On Tuesday, I recorded:
- The relationship between how often someone spoke and where they sat in relation to the professor, and…
- The number of times anyone presented an opinion that countered or contrasted Dr. Thomas’.
My data isn’t conclusive enough to warrant an NPR exposé, but I figure that I can make it to BuzzFeed if I add some stick-it-to-the-man anecdotes and a dramatic title like The Data Shows that the Modern Classroom System is Useless!
Professor Proximity and You
Tuesday was the first day that we took over the multipurpose room, so I’m hesitant to judge my data. I’ll elaborate later.
I recorded not only genuine comments and responses, as Andrew did on the same day, but also offhand remarks and single-word statements: basically, any time I heard anything intelligible. That extra condition dramatically swayed the data for some people who would have been medium-quiet otherwise.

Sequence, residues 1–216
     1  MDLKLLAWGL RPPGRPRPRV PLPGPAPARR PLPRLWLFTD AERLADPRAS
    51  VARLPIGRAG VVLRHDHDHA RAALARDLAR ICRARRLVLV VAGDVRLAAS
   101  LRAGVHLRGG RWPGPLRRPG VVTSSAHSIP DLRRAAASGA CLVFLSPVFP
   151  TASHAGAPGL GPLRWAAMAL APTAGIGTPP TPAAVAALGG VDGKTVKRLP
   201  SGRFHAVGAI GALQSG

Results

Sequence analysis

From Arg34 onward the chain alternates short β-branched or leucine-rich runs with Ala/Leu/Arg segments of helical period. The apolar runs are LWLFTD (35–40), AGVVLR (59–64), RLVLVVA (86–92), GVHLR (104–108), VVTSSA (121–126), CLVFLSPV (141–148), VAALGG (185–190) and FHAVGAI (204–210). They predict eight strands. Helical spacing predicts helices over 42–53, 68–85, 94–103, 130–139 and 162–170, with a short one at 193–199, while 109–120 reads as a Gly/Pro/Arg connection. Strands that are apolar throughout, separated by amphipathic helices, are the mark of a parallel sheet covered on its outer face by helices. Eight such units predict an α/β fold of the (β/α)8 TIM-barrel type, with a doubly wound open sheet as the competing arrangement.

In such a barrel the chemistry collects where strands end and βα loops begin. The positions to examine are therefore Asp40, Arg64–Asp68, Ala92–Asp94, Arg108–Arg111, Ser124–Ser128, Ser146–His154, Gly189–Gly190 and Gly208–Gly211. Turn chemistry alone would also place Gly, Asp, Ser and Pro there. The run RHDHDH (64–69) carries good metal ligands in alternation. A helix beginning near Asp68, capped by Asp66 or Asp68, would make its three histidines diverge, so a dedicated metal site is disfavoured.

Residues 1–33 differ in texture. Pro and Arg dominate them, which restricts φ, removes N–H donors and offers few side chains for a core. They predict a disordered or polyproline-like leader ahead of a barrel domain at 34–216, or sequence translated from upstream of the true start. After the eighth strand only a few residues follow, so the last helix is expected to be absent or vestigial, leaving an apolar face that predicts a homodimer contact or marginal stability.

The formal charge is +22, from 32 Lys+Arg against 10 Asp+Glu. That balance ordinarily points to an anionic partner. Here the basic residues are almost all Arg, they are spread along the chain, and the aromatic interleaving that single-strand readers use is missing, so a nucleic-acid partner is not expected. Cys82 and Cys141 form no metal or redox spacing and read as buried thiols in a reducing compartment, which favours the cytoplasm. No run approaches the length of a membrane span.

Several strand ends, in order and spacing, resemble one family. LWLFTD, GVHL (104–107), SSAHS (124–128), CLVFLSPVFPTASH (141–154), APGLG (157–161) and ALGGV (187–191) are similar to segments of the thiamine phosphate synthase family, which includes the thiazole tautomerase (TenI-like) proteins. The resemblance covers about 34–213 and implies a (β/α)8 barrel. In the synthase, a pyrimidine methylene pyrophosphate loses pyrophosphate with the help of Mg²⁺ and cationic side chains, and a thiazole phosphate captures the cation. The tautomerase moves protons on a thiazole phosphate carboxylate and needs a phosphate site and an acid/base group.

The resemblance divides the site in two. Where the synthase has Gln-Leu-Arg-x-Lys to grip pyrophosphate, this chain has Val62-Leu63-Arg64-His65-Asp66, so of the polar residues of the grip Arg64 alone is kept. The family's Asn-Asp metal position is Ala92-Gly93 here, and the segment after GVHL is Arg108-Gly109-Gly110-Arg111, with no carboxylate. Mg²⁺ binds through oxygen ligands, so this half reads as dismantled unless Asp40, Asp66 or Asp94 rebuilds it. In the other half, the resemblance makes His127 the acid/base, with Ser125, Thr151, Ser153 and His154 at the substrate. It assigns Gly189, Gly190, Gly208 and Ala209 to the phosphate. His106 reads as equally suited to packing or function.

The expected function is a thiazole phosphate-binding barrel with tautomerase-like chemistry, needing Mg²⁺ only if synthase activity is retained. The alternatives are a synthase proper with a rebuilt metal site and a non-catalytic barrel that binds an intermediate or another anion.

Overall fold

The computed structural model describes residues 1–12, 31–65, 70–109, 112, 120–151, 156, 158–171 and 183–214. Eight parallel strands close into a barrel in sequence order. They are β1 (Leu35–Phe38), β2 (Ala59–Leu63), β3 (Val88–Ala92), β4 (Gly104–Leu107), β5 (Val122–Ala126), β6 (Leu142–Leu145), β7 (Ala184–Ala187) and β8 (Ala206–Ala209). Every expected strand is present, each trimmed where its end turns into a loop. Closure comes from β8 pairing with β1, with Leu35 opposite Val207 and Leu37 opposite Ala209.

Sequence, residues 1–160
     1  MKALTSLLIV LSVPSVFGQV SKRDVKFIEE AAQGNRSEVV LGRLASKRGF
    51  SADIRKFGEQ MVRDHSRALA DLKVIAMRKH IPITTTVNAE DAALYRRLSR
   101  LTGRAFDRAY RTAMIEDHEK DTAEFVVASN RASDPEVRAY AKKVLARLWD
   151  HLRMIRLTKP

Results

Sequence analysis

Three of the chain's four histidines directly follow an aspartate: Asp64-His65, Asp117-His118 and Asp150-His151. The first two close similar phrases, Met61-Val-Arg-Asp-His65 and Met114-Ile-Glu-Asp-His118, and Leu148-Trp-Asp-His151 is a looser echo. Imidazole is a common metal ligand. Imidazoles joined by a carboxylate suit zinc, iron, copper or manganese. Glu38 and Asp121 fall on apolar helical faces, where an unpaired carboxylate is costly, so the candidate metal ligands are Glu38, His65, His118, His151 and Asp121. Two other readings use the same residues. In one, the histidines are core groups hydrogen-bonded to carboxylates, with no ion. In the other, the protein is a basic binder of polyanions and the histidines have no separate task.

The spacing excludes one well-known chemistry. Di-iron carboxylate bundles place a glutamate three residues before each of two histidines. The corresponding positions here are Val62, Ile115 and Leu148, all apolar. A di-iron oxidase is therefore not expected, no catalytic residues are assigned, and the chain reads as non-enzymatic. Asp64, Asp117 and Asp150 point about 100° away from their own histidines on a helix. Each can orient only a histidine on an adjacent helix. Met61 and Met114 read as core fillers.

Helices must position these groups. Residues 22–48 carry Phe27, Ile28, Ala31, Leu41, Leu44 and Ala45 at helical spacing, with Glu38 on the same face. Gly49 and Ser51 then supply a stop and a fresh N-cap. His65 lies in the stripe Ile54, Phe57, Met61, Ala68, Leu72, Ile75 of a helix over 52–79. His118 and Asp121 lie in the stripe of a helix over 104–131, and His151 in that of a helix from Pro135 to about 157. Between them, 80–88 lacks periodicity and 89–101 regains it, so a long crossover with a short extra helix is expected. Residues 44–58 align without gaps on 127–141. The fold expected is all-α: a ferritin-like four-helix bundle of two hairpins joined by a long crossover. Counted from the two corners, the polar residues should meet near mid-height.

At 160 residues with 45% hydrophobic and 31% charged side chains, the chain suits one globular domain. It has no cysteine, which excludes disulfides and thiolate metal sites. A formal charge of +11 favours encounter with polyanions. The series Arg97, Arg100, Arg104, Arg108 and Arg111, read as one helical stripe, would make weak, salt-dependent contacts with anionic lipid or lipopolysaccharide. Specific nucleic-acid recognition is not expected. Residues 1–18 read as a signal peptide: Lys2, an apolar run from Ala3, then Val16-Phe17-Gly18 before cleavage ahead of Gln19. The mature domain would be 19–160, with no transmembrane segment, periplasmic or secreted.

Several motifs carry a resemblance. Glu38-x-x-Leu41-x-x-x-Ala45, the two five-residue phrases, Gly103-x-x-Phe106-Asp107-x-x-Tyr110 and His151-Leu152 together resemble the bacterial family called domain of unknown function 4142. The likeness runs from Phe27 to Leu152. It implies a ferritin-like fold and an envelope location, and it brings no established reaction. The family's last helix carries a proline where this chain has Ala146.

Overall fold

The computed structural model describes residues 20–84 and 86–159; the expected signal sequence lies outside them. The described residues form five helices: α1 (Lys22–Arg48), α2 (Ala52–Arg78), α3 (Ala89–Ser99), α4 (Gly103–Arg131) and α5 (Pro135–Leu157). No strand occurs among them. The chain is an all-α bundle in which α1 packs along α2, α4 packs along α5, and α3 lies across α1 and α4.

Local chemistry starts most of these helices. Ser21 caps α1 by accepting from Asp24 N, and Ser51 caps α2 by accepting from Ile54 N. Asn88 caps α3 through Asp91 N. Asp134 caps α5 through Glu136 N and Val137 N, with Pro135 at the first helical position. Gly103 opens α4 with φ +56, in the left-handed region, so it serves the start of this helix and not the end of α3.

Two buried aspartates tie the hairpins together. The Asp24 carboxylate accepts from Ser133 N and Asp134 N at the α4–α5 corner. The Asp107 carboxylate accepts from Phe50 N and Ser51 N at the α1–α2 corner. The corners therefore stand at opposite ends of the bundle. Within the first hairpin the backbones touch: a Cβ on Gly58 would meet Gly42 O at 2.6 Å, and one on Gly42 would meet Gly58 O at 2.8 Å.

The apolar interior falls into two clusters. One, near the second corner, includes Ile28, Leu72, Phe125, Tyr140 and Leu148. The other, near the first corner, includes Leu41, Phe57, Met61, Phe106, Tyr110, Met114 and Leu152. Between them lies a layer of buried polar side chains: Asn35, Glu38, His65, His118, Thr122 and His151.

The most talkative students were those who sat at a medium distance from Dr. Thomas’ corner of the room: they spoke an average of about 8-9 times, as opposed to those who sat very close, at an average of 3-4 times. The students who sat farthest away (on the far side and the diagonal) were barely the quietest, at closer to 2 average responses (with the exception of one person, who was as talkative as the mid-rangers).
Only one student never spoke.
Like I said, I’m hesitant to make any judgments, because my data doesn’t reflect that…
- We were sitting in a new room. Some people may have sat down before Dr. Thomas arrived, without knowing where her home base would be. I noticed also that many of the more dominant speakers were the ones who sat closer to Dr. Thomas’ seat on previous days in the conference room.
- Students could be talkative (or not) for any reason. Maybe the more vocal students naturally prefer to sit near the door in conference rooms and near the middle in open rooms. Maybe it’s all just coincidence.
Point without Counterpoint
I also took note of any time someone challenged (or presented a substantially different opinion rather than an expansion) of Dr. Thomas’ explanation of a theme or literary tactic.
I only counted two, and both of them were from me. Maybe my standards for what counts as a challenge are really unfair.